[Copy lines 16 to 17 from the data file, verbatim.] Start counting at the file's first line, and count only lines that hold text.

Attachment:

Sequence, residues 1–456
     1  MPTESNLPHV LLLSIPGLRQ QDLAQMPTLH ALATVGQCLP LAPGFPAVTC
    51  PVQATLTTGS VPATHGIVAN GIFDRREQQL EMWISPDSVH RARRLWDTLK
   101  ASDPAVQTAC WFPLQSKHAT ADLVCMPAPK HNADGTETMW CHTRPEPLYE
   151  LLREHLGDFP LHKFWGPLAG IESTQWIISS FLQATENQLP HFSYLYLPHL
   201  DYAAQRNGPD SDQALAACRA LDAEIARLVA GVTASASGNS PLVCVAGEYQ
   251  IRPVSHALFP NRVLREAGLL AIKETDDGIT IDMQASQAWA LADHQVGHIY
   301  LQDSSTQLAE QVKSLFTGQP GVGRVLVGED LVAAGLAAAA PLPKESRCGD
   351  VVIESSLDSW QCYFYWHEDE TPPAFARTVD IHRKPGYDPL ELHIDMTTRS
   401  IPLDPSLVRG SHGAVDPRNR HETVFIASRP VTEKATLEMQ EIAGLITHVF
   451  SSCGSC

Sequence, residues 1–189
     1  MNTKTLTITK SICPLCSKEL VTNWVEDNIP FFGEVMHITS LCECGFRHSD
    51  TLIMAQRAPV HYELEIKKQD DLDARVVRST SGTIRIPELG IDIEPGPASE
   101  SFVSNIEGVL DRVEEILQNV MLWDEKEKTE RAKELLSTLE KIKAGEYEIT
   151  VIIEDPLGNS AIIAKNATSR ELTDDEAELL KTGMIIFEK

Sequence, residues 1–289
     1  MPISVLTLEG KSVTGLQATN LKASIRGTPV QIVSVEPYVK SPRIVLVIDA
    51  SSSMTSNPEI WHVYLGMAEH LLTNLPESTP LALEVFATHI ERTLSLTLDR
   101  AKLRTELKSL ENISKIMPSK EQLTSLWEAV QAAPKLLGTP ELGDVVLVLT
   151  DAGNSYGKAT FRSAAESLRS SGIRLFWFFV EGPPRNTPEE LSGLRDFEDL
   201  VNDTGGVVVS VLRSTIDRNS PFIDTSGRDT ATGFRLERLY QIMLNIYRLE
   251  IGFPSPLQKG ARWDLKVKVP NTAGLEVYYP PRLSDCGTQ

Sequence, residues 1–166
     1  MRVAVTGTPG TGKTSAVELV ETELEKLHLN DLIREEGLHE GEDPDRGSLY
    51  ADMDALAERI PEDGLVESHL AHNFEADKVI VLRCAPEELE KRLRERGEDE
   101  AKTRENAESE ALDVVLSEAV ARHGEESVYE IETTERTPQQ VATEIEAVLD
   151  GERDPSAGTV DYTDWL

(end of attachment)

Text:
   151  VIIEDPLGNS AIIAKNATSR ELTDDEAELL KTGMIIFEK

Sequence, residues 1–289